# optimized algorithm to synchronize two arrays

am looking for an efficient algorithm to synchronize two arrays..

Lets say a1 and a2 are two arrays given as input...

a1 - C , C++ , Java , C# , Perl

a2 - C++ , Python , Java , Cw , Haskel

output 2 arrays:

Output A1 : C , C++ , Java

Output A2 : Cw , Haskell , Python

Output A1 : 1) items common to both arrays 2) items only in a1 and not in a2

Output A2:

items only in a2

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use linear search –  akonsu Aug 30 '10 at 20:10
Is there a particular programming language you are trying to do this in? –  Ryan Berger Aug 30 '10 at 20:10
Why are there two parts to the output for A1? –  ESRogs Aug 30 '10 at 20:16
@akonsu, there would be 50000 entries so IMHO linear search would not be optimal @Ryan, java is fine... thot of using collections.. but not sure which is the best collection for such huge number of entries... –  Raj Aug 30 '10 at 20:18
@Raj: Note that `A1 = (a1 ∩ a2) ∪ (a1 \ a2) = a1`. I guess you rather want `A1 = a1 \ a2` (items to delete) and `A2 = a2 \ a1` (new items to add). –  Gumbo Aug 30 '10 at 20:25

1. Sort both arrays with an efficient sorting algorithm, complexity of O(n.log(n))
2. Build the output arrays initially empty
3. Compare the first element a1 of sorted A1 to the first element a2 of sorted A2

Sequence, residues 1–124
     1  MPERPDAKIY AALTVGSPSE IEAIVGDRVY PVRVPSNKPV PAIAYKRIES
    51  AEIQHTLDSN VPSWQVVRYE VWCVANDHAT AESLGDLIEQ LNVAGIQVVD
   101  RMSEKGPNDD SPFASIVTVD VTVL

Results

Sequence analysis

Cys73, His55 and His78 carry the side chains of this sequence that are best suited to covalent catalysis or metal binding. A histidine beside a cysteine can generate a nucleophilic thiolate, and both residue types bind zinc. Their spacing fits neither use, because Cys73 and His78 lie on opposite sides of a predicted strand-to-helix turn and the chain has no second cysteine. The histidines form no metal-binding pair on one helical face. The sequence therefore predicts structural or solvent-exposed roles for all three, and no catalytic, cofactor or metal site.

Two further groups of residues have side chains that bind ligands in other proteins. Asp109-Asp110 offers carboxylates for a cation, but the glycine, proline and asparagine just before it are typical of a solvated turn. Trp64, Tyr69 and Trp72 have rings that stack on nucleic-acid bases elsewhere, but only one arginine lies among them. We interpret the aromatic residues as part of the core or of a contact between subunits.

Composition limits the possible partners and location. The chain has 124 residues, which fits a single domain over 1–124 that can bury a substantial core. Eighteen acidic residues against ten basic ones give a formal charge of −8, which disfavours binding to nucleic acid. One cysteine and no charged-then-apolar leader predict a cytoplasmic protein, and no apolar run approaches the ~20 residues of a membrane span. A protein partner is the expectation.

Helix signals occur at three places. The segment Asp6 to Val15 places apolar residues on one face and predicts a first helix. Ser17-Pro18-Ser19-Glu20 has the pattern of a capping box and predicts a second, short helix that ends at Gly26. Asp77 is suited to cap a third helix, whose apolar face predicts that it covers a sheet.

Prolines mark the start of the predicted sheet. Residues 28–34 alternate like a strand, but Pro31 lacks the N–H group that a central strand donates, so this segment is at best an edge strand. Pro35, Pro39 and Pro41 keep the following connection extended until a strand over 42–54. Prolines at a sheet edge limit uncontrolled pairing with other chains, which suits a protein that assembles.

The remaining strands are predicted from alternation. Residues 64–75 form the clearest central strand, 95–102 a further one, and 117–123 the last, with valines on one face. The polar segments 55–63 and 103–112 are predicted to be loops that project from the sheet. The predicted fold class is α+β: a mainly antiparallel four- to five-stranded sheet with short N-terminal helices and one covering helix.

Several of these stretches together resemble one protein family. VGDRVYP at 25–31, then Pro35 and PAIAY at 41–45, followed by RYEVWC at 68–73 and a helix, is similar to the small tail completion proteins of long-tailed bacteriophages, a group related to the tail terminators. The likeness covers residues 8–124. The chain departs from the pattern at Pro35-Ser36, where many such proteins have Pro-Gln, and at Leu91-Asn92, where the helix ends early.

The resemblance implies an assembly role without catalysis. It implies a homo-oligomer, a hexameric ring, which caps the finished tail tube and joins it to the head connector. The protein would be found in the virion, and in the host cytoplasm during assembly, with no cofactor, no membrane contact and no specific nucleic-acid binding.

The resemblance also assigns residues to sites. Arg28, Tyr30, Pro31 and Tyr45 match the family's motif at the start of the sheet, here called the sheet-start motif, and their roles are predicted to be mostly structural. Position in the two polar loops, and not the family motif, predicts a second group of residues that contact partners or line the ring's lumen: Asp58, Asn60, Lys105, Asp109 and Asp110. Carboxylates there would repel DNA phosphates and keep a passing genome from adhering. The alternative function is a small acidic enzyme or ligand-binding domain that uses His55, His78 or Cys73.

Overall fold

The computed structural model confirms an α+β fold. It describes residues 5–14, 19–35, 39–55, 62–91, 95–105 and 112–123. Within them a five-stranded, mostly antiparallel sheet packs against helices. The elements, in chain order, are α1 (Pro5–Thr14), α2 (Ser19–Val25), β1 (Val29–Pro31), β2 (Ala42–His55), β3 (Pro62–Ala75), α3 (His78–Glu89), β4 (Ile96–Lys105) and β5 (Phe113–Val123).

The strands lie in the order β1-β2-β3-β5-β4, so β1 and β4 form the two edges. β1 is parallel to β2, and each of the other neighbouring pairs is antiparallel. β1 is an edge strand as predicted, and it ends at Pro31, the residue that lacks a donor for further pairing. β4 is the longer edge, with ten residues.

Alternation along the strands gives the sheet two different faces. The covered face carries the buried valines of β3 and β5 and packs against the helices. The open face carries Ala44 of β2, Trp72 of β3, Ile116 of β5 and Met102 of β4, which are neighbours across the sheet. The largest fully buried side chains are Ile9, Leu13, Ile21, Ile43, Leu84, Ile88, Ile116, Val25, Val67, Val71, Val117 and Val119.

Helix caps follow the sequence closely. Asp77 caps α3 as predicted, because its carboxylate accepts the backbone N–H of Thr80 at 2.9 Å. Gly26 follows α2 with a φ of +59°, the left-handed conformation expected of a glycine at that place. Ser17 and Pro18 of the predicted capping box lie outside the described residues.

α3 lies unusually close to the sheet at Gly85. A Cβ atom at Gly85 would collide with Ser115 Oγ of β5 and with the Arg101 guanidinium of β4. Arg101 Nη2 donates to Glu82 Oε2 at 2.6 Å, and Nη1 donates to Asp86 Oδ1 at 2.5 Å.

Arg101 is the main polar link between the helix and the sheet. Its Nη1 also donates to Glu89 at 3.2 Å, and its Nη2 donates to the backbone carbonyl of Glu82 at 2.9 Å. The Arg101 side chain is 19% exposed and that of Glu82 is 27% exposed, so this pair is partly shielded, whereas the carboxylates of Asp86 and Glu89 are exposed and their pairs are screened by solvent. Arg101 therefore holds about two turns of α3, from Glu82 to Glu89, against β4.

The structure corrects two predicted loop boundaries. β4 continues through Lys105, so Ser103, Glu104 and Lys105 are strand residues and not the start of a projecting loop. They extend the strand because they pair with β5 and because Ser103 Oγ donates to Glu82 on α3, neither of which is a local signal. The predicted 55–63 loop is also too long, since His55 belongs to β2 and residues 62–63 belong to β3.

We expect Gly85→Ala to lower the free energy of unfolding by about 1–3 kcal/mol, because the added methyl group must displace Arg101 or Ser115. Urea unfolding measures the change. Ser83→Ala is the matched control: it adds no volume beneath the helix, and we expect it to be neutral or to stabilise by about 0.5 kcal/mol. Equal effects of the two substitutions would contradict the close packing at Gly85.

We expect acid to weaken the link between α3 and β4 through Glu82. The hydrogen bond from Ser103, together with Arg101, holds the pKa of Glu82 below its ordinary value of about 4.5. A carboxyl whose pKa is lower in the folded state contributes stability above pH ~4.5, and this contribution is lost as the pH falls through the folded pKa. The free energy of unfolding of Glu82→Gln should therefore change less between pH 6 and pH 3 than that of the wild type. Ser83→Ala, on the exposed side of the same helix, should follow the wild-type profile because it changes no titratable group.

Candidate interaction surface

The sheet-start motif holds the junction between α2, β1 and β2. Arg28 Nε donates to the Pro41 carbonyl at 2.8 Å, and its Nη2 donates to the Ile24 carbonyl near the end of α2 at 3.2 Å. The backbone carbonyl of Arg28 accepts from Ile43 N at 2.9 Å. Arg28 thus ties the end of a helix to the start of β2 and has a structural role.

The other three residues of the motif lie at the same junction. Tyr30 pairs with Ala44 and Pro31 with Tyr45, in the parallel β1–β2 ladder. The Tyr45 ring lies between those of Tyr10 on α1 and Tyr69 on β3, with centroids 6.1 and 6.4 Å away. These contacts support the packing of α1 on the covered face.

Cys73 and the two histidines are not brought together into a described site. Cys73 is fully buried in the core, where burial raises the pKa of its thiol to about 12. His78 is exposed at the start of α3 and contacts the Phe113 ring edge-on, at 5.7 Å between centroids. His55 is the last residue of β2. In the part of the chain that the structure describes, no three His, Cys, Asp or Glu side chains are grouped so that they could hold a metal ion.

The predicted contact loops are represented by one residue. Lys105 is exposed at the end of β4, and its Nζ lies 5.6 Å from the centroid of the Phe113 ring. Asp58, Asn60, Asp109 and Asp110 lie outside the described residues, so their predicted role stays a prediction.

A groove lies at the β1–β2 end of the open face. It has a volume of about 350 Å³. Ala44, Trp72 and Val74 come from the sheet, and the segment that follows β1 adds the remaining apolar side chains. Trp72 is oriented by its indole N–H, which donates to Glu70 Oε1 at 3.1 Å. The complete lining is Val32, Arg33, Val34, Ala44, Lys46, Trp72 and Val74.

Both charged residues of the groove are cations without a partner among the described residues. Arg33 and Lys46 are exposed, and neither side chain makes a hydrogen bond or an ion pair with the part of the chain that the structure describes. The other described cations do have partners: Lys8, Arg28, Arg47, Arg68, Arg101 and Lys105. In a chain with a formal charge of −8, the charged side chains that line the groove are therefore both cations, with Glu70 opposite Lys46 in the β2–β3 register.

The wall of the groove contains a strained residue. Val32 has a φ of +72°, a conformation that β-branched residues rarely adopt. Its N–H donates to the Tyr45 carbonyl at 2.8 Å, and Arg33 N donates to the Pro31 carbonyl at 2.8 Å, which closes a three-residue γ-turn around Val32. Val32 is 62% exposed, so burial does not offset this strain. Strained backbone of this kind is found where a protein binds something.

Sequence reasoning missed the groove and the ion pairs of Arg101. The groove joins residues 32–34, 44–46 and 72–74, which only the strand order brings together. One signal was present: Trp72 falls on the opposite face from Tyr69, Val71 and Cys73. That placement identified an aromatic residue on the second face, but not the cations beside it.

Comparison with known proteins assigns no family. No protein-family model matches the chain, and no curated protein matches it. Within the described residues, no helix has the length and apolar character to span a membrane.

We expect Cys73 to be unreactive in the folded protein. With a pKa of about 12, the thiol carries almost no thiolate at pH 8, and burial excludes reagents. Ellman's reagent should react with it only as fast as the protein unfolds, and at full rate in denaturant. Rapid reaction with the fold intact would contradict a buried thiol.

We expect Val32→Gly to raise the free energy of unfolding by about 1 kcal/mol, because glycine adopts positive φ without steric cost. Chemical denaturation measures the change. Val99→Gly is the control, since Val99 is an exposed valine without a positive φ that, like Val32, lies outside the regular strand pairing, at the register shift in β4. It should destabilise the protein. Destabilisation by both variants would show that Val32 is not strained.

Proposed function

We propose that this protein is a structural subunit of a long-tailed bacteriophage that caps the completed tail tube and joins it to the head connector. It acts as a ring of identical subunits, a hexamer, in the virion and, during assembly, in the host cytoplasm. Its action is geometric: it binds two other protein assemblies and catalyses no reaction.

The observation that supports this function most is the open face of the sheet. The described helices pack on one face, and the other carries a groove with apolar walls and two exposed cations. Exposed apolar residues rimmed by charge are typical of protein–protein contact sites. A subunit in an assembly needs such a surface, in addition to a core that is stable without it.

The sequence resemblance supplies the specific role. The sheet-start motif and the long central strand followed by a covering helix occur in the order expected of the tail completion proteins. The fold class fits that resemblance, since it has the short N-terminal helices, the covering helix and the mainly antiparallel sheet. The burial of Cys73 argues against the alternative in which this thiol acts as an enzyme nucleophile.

• Equal means is in both arrays, put a1 into OutputA1
• a1 < a2 means a1 is only in A1, a1 now necomes next element in sorted A1, put a1 into OutputA1
• else a2 < a1 means a2 is only in A2, a2 now necomes next element in sorted A2, put a2 into OutputA2

Do this until you processed all elements in the sorted arrays, complexity of O(n).

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thanks a lot jdehaan for replying.. :) is there a way to do this without sorting, because for 50K entries sorting might be a overhead.. –  Raj Aug 30 '10 at 20:24
sorting is O(n.log(n)), 50K is pretty manageable in arrays, do not worry. There is an intrinsic complexity in the problem you are trying to solve. If you don't have it with sorting, you'll transfer it to the part that has to check the elements. There is no magic solution. –  jdehaan Aug 30 '10 at 20:30
thanks, jdehaan... –  Raj Aug 30 '10 at 20:32
I think the only potential way to do this faster than O(nlog(n)) would be to use a hash table. Then you could get O(n) time, *if you had a good hashing function. –  ESRogs Aug 30 '10 at 20:39
But how would you figure out that an item is in A2 but not in A1 without some poor algorithm like linear search (for each item, what means O(n^2))? –  jdehaan Aug 30 '10 at 20:41

Knuth probably said something on this problem - http://en.wikipedia.org/wiki/The_Art_of_Computer_Programming The books are expensive, but if you have access to them, you'll probably find some wisdom in there.

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And you think that he should bought this stack of books who almost nobody reads, (and I am sure that you did not either) since I did not noticed MIX word in his post. –  Luka Rahne Aug 30 '10 at 22:16
No, I did not suggest that. Also, if you follow the link and look at the table of contents, you'll note that loads of material has nothing to do with MIX. Oh well. –  bert hubert Aug 31 '10 at 18:11